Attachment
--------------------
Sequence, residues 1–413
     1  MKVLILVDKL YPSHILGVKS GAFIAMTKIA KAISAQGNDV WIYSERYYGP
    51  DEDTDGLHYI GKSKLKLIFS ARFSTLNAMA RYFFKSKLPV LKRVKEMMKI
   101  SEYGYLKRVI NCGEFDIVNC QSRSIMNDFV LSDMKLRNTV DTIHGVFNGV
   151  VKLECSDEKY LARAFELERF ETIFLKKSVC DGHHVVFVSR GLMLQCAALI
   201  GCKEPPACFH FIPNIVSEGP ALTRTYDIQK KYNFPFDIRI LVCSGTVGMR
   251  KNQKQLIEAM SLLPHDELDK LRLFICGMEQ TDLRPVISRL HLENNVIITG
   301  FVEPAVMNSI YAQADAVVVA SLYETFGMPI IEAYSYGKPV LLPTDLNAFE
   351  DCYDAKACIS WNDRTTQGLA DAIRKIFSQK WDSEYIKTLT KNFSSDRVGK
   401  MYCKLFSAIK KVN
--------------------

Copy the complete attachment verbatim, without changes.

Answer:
Sequence, residues 1–413
     1  MKVLILVDKL YPSHILGVKS GAFIAMTKIA KAISAQGNDV WIYSERYYGP
    51  DEDTDGLHYI GKSKLKLIFS ARFSTLNAMA RYFFKSKLPV LKRVKEMMKI
   101  SEYGYLKRVI NCGEFDIVNC QSRSIMNDFV LSDMKLRNTV DTIHGVFNGV
   151  VKLECSDEKY LARAFELERF ETIFLKKSVC DGHHVVFVSR GLMLQCAALI
   201  GCKEPPACFH FIPNIVSEGP ALTRTYDIQK KYNFPFDIRI LVCSGTVGMR
   251  KNQKQLIEAM SLLPHDELDK LRLFICGMEQ TDLRPVISRL HLENNVIITG
   301  FVEPAVMNSI YAQADAVVVA SLYETFGMPI IEAYSYGKPV LLPTDLNAFE
   351  DCYDAKACIS WNDRTTQGLA DAIRKIFSQK WDSEYIKTLT KNFSSDRVGK
   401  MYCKLFSAIK KVN